Follow Us:
Sunday, April 05, 2020

Coast to Coast: A cruise is your best bet at exploring a region at leisure

With no fixed itinerary, a cruise is your best bet at exploring a region at leisure. A five-night cruise in Genting Dream can host over 3,000 passengers in its over 20 decks and has a ship within a ship too.

Written by Aatish Nath | Updated: July 17, 2018 4:53:17 pm
cruise ship, Genting Dream, Indonesia, Surabaya, North Bali, Singapore’s Marina Bay Cruise Centre, Malaysia, Thailand, Blackjack, swimming, rock-climbing, ziplining, Australian chef Mark Best, indian express, indian express news At Sea: Choose a sea-facing room with a private balcony on your cruise, for the best views. (Courtesy: Dream Cruises Resources Centre website)

A cruise ship is your answer if you want all the frills of a trip but not the hard work that goes into planning an itinerary. And, it would show you how the journey can itself be the destination.

Our five-night cruise in Genting Dream was headed to the Indonesian port city Surabaya and north Bali. The creature that can host over 3,000 passengers has 18 decks.

Departing from Singapore’s Marina Bay Cruise Centre, the ship undertakes journeys of two and five nights across Asia — going north to Malaysia and Thailand or south to Indonesia (in case the ship takes you through Thailand, you will need to apply for a visa beforehand, a Singapore visa is mandatory). A quick glance of the city skyline on deck 18 before leaving the harbour, and, soon, the seas take on an unreal shade of blue, the only sound to keep company is the water parting under the engines’ force.

I was only too glad to have chosen a sea-facing room with a private balcony. The pace of travel on a ship will ensure that cruising becomes addictive. For those seeking the thrill of the high seas, or the casino (from slot machines to Blackjack) on board, a weekend getaway on the cruise can assure instant gratification.
Ensconced in your cabin, a pamphlet with the daily schedule of activities: classes, movies, shows, daily yoga, karaoke, etc, introduces you to the many relaxation options on board. You could also log on to the ship’s app. Children can make a beeline for decks offering swimming, rock-climbing, or ziplining — 35m in the air — with only the ocean beneath. There are bowling alleys, billiard tables and a basketball court. Adults can detox with a Chinese acupressure massage at the Asian spa.

A good massage leaves you hungry. The restaurants offer multicuisine buffet. A majority of the cruise’s passengers are from mainland China, though activities and business are conducted in English. We, however, chose to sample Western contemporary food at The Bistro, made to perfection by the Australian chef Mark Best. Dishes like lobster bisque and pandan ice-cream served with mango and Anzac biscuit combine the best of Asian ingredients with Western techniques. Though we remained partial to tiramisu, we changed our mind once we tasted the cold, creamy gelato at Gelateria, a respite from the midday heat.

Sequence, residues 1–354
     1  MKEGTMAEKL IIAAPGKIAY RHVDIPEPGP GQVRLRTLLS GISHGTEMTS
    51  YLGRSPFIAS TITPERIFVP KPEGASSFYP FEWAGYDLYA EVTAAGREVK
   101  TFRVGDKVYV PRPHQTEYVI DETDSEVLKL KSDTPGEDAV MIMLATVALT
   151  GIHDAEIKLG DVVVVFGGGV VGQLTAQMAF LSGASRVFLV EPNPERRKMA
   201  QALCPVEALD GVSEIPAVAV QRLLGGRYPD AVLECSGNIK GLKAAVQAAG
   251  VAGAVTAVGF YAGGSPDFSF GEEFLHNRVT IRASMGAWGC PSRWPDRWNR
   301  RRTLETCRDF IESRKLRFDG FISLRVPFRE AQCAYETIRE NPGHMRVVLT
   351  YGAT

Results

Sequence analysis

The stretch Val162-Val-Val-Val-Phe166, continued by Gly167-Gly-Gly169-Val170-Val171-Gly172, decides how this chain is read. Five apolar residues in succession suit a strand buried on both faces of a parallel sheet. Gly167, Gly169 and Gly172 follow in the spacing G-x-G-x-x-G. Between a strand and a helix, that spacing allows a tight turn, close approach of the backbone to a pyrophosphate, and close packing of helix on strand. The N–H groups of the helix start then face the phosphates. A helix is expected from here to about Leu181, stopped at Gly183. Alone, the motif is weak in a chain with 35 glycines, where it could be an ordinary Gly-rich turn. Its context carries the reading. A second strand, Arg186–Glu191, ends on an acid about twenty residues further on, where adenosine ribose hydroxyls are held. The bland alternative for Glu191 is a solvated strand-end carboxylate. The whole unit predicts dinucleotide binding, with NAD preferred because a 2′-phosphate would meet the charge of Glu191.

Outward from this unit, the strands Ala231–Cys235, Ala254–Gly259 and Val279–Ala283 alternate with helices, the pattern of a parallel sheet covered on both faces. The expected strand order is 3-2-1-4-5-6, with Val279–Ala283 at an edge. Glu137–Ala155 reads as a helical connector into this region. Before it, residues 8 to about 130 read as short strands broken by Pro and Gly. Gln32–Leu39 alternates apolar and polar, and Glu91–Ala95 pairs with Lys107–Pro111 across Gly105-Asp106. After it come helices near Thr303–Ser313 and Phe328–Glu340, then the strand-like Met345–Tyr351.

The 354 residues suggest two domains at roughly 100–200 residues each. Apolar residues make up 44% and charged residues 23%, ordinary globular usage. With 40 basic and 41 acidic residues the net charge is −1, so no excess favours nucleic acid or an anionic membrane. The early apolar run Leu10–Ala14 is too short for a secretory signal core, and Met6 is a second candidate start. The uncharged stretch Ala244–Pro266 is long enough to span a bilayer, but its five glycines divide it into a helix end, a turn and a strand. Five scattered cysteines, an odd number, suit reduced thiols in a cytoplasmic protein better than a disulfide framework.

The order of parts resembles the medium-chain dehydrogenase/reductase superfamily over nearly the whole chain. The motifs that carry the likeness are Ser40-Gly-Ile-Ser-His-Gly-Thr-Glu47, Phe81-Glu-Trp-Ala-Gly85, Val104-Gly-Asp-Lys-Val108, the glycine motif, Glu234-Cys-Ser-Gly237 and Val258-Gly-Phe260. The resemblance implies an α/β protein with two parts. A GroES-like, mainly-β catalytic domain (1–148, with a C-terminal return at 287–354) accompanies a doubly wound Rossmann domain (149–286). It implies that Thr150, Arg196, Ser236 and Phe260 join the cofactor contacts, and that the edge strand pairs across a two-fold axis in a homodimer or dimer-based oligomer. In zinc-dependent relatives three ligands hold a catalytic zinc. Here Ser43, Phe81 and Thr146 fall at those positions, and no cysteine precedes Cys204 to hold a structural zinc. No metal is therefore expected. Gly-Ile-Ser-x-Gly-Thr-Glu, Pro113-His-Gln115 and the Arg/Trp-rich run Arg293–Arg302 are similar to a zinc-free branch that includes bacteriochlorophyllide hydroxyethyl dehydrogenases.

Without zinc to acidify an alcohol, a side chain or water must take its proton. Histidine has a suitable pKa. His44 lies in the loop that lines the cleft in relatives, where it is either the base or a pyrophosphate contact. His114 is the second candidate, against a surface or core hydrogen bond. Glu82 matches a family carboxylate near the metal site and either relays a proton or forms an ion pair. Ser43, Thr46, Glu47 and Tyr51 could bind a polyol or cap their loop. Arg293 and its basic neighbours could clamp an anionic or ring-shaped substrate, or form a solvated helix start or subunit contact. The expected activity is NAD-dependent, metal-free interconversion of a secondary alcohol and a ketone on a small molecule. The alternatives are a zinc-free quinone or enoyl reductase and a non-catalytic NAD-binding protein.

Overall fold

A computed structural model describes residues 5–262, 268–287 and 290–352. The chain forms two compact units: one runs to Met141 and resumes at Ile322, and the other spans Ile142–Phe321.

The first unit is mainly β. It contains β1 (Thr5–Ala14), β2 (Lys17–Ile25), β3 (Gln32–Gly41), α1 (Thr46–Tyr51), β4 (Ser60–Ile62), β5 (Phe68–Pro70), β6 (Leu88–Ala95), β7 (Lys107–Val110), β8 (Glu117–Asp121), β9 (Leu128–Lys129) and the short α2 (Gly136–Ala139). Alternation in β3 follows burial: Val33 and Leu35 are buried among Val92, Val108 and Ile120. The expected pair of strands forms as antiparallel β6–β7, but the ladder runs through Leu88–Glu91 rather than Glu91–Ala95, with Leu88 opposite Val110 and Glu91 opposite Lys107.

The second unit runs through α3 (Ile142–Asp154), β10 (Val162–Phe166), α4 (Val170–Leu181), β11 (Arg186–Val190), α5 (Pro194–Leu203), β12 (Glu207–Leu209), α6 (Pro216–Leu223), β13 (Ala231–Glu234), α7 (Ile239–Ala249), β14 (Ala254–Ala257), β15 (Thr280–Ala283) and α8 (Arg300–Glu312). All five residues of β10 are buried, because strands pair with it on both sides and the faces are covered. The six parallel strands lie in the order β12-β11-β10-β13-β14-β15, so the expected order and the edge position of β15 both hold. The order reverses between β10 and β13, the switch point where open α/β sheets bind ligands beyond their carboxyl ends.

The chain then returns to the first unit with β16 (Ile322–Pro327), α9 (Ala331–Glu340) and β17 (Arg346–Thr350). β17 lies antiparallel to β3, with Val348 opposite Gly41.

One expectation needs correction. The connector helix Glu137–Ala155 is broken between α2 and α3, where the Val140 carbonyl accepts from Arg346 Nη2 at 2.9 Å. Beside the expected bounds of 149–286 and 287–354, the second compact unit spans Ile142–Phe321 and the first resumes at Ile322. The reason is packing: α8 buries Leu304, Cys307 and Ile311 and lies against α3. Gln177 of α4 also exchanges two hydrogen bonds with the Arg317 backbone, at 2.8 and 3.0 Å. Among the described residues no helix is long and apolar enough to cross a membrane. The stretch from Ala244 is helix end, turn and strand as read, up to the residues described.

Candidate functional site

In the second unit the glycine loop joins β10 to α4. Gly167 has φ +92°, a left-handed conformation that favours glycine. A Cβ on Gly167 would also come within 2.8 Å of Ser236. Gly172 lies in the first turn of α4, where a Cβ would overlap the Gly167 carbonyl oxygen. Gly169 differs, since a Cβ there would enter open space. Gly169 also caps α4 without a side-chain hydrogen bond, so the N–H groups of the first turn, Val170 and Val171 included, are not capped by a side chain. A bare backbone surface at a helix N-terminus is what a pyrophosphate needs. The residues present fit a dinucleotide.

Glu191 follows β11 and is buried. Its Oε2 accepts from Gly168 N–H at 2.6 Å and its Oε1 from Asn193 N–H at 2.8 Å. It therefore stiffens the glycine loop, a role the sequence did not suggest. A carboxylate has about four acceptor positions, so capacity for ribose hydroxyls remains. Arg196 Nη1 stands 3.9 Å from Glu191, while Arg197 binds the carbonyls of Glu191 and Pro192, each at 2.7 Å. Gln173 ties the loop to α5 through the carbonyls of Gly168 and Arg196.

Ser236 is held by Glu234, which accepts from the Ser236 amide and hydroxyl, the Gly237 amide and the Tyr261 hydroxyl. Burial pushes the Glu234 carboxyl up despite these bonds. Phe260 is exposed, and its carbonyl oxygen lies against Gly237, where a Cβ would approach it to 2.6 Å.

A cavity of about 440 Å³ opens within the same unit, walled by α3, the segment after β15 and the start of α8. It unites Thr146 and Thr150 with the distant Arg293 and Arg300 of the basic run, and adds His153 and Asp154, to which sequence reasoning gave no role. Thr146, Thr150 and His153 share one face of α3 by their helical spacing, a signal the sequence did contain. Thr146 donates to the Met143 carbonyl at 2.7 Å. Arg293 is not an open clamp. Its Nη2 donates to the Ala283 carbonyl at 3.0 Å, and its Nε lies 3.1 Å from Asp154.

Surabaya’s industrial skyline with its glass buildings seems uninviting. And if you are coming from India, the place will make you feel you haven’t stepped out of your own country — weathered old men reading newspapers in street corners, green mosques at every few steps, the cacophony of street life. Yet, it was all a welcome break from the high seas. We warmed up to the local food, especially tahu petis or fried spongy tofu smeared in ink-black fermented prawn paste and served with a young green chilli, and were on our way to the farmlands in the interiors, about an hour from the city/port, to see the rice fields and rambutan trees, and a local buffalo race.

Next day, amid the handicrafts in Bali’s markets, the colourful jackfruit of varying sizes, its strong-smelling distant cousin durian, purple mangosteen with its lychee-like white flesh, spiked our interest. After sampling them, we headed to the Pura Ulun Danu Temple, on the shore of Lake Bratan, to see how differently Hinduism was being practised there. Balinese Hinduism is a lot similar, and yet so different. The Hindu varna/caste system is followed but so is the Buddhist concept of bodhisattva, rituals are customised, versions of the Mahabharata and Ramayana gets reflected in their art but all of that merits another article.

Aatish Nath is a Mumbai-based freelance writer

📣 The Indian Express is now on Telegram. Click here to join our channel (@indianexpress) and stay updated with the latest headlines

For all the latest Eye News, download Indian Express App.